Deanna Laney Found Not Guilty By Reason of Insanity

Published: Apr. 4, 2004 at 3:32 AM CST|Updated: Apr. 8, 2004 at 3:19 PM CDT
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After seven hours, the jury reaches a verdict.

Deanna Laney will likely head to a mental institution... but still under maximum security.

The jury got the case just before noon Saturday. Eight men and four women bore a week of graphic evidence and emotional testimony. After asking for portions of testimony and a copy of Deanna Laney's 911 call, they announced they had come to a verdict. All the jurors said she is not guilty by reason of insanity.

Throughout this whole trial, the jurors have been very focused -- even through the most graphic testimony.  When the door swung open and the jury came in, many of them were emotional. One carried a box of tissues. Deanna Laney and most of the family was tearful as well.  All Dee Laney said after the verdict was to her lawyers: "Thank you, thank you, thank you."

Lead defense attorney F.R. "Buck" Files: "I can tell you she is in a living hell because of what she knows she did."

Knowing now it was wrong, Deanna Laney's lawyers and now a jury agree she didn't know right from wrong last May 10th when she stoned Joshua, Luke, and Aaron.

Defense attorney Tonda Curry: "Our client is not going to be punished by the criminal justice system. Now, and for the rest of her life, the punishment and torment that's going on inside her own head is more significant than anything the criminal justice system could have done to her short of death."

In a trial that was brief compared to other high profile cases -- six days -- there were pictures of horror, scenes of delusion, and tears from many on both sides.

District Attorney Matt Bingham: "It can't help but take a toll on you. It's hard to deal with at times. But you have a job to do and you go down and do it. I don't think anyone in this room or in this courthouse wasn't touched by evidence in this case."

The verdict of the eight man, four woman jury means Laney will be committed to a maximum security mental hospital.  Length of time: undetermined.

As for grumbings in the community -- anger that she was "getting off easy" -- Files says her illness is a sentence by itself.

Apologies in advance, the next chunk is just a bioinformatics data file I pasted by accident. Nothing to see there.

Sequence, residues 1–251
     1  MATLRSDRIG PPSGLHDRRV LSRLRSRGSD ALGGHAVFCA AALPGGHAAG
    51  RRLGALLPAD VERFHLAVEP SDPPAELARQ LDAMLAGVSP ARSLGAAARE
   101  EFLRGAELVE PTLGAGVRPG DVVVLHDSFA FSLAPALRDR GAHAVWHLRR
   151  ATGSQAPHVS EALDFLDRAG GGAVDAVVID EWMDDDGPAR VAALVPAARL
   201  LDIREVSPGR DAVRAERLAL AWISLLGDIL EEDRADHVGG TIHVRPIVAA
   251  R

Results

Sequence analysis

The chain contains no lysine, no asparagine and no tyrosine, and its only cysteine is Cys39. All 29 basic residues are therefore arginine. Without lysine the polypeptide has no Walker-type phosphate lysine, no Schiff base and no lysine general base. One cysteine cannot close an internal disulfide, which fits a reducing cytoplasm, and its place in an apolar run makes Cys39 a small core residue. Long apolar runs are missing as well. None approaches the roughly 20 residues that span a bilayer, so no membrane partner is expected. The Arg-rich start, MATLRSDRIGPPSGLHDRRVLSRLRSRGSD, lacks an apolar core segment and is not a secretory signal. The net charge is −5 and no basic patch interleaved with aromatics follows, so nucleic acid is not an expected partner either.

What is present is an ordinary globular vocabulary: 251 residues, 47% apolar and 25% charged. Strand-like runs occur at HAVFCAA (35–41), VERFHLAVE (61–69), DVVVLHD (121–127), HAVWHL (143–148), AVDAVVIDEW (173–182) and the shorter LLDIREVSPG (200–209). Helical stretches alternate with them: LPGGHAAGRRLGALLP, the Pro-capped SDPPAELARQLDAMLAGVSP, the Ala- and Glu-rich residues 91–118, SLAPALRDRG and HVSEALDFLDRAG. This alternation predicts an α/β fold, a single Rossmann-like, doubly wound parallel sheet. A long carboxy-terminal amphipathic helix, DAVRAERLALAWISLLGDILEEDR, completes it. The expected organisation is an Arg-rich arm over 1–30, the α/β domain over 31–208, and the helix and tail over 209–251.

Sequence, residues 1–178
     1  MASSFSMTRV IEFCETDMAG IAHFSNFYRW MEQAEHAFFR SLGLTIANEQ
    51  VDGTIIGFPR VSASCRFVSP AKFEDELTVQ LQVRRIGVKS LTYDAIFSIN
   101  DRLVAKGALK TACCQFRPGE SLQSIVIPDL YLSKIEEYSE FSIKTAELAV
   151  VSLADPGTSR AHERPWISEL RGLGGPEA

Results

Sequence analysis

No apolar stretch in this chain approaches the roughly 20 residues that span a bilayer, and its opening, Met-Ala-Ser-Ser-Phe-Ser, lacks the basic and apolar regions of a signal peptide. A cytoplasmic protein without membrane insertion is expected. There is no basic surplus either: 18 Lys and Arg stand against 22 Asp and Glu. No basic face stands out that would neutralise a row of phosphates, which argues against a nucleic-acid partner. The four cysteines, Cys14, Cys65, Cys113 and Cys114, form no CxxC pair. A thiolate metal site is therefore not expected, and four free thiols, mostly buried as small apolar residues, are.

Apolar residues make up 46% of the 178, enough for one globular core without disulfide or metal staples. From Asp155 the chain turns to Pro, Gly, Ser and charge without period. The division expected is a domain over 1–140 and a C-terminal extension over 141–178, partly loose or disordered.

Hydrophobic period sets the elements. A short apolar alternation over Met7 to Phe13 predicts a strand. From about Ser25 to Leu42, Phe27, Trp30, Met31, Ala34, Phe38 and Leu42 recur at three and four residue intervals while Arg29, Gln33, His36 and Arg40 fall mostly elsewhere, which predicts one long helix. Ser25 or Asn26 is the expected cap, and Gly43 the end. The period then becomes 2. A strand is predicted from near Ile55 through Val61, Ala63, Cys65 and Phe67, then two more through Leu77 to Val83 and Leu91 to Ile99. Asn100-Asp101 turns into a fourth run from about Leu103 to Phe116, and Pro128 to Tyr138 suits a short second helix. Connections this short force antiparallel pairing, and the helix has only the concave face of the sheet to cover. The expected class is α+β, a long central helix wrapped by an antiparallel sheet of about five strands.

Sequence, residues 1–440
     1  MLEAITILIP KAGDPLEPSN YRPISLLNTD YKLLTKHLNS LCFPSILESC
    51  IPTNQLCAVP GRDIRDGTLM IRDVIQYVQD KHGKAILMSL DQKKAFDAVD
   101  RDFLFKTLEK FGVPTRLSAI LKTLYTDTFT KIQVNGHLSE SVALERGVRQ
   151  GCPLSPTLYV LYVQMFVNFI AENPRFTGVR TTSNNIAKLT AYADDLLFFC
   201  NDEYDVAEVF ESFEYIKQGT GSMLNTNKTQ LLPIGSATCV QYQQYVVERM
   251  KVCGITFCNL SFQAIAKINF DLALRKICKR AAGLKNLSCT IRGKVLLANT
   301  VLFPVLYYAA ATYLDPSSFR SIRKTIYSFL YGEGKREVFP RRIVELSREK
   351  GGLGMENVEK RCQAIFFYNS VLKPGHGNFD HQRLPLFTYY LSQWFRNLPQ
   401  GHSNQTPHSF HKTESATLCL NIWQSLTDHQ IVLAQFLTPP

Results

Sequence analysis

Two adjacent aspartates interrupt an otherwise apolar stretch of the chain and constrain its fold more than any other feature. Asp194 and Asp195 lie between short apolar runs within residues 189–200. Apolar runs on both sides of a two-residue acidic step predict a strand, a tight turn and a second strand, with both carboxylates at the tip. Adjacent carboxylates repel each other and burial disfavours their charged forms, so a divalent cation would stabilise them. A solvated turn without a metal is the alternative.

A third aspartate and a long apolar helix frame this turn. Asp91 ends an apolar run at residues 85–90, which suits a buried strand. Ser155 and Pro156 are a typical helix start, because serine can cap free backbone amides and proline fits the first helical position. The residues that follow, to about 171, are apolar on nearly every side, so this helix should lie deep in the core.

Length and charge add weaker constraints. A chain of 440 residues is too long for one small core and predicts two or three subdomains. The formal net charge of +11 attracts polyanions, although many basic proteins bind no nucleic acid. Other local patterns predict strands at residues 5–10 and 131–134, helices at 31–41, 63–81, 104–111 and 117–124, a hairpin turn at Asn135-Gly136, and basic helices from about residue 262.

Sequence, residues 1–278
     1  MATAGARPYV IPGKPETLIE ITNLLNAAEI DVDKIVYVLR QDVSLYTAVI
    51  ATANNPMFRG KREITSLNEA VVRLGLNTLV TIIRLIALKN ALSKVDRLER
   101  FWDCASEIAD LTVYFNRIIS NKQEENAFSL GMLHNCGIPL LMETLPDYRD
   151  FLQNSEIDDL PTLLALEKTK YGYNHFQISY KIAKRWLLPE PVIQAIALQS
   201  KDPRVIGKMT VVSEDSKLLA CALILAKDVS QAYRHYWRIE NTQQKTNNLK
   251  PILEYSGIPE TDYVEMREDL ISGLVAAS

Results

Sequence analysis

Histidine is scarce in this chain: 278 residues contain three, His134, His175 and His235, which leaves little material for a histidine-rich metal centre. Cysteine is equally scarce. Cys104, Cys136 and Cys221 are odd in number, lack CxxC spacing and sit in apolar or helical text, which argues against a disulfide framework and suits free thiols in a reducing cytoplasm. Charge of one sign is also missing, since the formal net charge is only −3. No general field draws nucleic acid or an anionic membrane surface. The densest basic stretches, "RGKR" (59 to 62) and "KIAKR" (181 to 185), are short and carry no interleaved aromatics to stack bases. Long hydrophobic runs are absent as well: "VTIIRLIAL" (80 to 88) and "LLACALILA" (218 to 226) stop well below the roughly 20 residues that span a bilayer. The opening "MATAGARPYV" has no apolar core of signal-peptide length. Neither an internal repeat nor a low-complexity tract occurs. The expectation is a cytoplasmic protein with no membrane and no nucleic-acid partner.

Files: "It's not curable. I don't know how anyone talks in terms of 'getting off.' The fact that she is not going to be confined in a penal institution simply doesn't mean that she 'gets off.'"

The verdict was made by ordinary citizens, who heard experts on both sides all agree she didn't know right from wrong. That the voice of God she thought she was hearing was very real to her. In the end, the jury had to decide, and did they buy it?

Bingham: "The law is very specific where what the mental health experts say is not the end of it. The jury can base their verdict, disregard based on other evidence.  This is a case where the citizens of Smith County needed to make a decision on."

As for Aaron, the youngest Laney child and the only one to survive -- he is disabled and will be for life. Files says his client regrets what she did every day, but that for now, the mother will not see her son.

Files: "She is concerned on daily hourly basis about him. There is no way that she has seen Aaron or will see Aaron in that facility, no."

Now that the case is over, those who have worked for the last 10 months to get justice say the impact is forever.

Bingham: "For the rest of my life, I'll remember Aaron, Joshua, Luke and what happened to them that day.  But you have a job to do, and I know the defense did what they had to do and I did what I had to do."

At some times, during the past week, the attorneys on each side have been at odds. They all seem to have made amends now this trial is over.

What happens from here: Deanna Laney's case will head toward a civil commitment hearing next week. The decision on what happens to her will be made by County Judge Becky Dempsey, or perhaps by Judge Kent.

There is no doubt that Laney will be taken to a maximum security mental hospital for a substantial length of time.  Her lawyers say she's made progress dealing with her illness now that she's been on medication.

Reported by Morgan Palmer